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WILLIAM SHAKESPEARE

(1564-1616) “I loved the man, and do honour his memory, on this side idolatry, as much as any. He was indeed honest, and of an open and free nature; had an excellent phantasy, brave notions, and gentle expressions, wherein he flowed with that facility that sometimes it was necessary he should be stopped.”

BEN JONSON.

“His mind and his hand went together: And what he thought, he uttered with that easiness that we have scarce received from him a blot in his papers.” - HEMINGE and CONDELL, Editors of the First Folio

edition of the Plays (1623).

“The stream of time, which is continually washing the dissoluble fabrics of other poets, passes without injury by the adamant of Shakespeare.”

DR. SAMUEL JOHNSON.

“The greatest genius that perhaps human nature has yet produced, our myriad-minded Shakespeare."

- SAMUEL TAYLOR COLERIDGE.

Early Surroundings. — There is on Henley Street, in Stratford-on-Avon, Warwickshire, an old house, with gabled roof and low-ceilinged rooms, which every year is made the object of thousands of pilgrimages. Here William Shakespeare was born, on or about the twentythird day of April, 1564. His father, John Shakespeare, the son of a small farmer in the neighboring village of Snitterfield, added to his regular business of glover sundry dealings in wool, corn, and hides, and possibly the occupation of butcher. His mother, Mary Arden, the daughter of a wealthy farmer near Stratford, was connected with one of the oldest and most distinguished families in Warwickshire. The Ardens came of both Norman and Saxon blood, and thus represented

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William Shakespeare From the Chandos portrait in the National Portrait Gallery

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two great race elements that have gone to the making of the typical modern Englishman.” The influences about Shakespeare's youth were such as growing genius naturally adapts to its use. Then, as now, Warwickshire was full of that abundant and peaceful beauty which has come to represent for us the ideal English landscape. In Shakespeare's day its northern part was

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overgrown by the great forest of Arden, a bit of primeval woodland like that which we enter in As You Like It; while southward of the river Avon, which runs diagonally across the county, stretched an open region of fertile farmland. Here were warm, sunny slopes, gay with those wild flowers that bloom forever for the world in Shakespeare's verse; low-lying pastures, where meditative cows stand knee-deep in grass, and through which wind the brimming waters of slow-flowing and tranquil streams. Stratford lies in this more southern portion;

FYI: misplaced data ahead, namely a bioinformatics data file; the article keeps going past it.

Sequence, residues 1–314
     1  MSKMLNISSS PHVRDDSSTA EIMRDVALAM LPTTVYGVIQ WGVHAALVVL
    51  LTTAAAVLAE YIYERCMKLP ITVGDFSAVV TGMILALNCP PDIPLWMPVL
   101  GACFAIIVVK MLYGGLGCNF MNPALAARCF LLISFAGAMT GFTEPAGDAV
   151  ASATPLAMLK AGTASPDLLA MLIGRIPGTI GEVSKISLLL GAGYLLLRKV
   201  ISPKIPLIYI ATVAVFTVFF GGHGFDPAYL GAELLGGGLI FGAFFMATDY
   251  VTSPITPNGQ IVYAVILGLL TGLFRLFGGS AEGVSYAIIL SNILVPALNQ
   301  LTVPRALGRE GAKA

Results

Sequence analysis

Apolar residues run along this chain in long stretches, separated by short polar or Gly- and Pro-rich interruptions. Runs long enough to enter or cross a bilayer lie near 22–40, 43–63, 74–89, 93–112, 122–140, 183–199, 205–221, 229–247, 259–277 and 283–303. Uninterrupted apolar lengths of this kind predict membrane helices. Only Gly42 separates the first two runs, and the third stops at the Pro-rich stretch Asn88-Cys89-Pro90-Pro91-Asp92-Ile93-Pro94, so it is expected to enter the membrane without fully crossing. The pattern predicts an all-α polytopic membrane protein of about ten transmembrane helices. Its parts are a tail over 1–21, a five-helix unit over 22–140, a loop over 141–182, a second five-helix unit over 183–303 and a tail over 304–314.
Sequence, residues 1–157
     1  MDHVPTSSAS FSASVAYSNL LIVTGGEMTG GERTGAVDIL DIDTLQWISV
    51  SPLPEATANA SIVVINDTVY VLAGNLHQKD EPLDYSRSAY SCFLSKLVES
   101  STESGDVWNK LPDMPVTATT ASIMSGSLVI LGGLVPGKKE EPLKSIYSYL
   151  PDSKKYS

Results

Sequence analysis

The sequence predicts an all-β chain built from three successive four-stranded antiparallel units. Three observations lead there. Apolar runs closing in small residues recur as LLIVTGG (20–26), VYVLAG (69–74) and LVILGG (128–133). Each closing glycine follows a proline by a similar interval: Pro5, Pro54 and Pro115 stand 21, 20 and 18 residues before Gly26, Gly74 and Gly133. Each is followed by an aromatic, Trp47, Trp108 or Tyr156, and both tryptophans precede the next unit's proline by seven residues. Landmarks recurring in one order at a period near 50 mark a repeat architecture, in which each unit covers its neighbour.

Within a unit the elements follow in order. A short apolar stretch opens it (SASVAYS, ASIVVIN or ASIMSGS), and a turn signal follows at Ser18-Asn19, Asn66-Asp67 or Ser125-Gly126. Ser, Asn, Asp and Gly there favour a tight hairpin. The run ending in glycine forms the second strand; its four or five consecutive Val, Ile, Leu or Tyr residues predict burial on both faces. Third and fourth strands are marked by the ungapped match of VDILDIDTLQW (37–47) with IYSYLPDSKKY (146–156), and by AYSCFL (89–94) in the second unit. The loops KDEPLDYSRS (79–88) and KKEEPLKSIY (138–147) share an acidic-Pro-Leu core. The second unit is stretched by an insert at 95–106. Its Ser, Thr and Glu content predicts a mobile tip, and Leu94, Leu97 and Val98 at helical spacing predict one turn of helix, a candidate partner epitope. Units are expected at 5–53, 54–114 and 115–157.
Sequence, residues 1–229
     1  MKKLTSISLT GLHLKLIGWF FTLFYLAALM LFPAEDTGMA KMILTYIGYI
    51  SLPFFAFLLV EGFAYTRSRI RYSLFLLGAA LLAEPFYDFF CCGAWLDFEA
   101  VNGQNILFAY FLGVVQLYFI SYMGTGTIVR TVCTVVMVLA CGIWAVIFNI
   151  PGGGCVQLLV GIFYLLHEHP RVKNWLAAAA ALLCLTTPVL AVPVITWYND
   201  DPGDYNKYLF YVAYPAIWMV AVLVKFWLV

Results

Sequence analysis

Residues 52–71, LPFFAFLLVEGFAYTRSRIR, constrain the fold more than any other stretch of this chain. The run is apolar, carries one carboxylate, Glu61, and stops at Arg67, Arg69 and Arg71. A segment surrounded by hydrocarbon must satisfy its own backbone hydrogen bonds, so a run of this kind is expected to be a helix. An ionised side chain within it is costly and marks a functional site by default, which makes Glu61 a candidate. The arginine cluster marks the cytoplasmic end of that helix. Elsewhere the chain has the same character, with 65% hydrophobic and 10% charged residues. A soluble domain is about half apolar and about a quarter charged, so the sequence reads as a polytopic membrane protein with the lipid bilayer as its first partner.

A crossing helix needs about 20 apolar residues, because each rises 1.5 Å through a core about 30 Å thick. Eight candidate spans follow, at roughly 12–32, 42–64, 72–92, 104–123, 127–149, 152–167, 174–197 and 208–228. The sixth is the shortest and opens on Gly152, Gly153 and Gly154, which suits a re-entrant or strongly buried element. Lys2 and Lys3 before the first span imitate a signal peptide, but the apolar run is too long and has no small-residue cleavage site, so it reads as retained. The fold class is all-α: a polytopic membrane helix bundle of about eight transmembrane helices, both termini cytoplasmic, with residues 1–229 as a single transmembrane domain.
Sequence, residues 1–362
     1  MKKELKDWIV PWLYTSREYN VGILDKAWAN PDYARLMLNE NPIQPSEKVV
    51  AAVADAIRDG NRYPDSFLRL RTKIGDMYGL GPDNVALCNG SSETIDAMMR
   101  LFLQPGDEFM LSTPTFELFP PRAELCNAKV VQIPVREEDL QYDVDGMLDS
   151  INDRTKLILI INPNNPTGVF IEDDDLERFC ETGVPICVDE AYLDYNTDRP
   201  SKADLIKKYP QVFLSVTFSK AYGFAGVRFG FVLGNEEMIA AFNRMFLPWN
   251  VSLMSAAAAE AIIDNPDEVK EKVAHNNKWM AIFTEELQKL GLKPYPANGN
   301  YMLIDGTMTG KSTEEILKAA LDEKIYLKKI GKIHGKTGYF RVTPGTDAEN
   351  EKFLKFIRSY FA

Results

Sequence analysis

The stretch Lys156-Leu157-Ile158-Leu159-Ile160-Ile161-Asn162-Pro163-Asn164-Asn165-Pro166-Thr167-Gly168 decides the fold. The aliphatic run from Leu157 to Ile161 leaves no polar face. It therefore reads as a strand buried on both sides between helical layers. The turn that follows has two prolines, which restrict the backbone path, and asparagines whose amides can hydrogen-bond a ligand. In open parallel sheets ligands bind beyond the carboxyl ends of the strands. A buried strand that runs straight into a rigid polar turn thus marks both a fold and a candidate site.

but in Shakespeare's day the forest of Arden reached to within an easy distance of it for an active youth. Near his native town the young Shakespeare could loiter along country lanes, past hawthorn hedgerows or orchards white with May, coming now and then on some isolated farmhouse or on the cluster of thatched cottages that marked a tiny village. There was Snitterfield, where he must have gone to visit his grandfather; Shottery, where he wooed and won Anne Hathaway. There, in the midst of this rich midland scenery, was his own Stratford with its low wood-and-plaster houses and straggling streets, its massive grammar school, where, as a boy, he conned his Lilly's Latin Grammar. A little apart, by the glassy Avon, stood old Trinity Church, its lofty spire rising above the surrounding elms. There is abundant evidence that Shakespeare loved Warwickshire with a depth of attachment that nothing could

alter. These early surroundings entered into and became · a permanent part of his life and genius. His works are

full of country sights and sounds; he defines for us the essence of the ideal shepherd's life; and in many a song, written to be sung in crowded London theaters, his imagination escapes to the fields and flowers of his native Warwickshire.

And Shakespeare's Warwickshire added to natural beauty the charm of local legend and the traditions of a splendid past. Within easy reach of Stratford lay Warwick, with its fine old castle, once the home of the great king-maker of the Wars of the Roses. The whole region was bound by tradition and association to that great civil strife which is one of the chief themes of Shakespeare's plays on English history. Near by was Kenilworth, the castle of Elizabeth's favorite, the Earl of Leicester, where the Queen was received (1575) with

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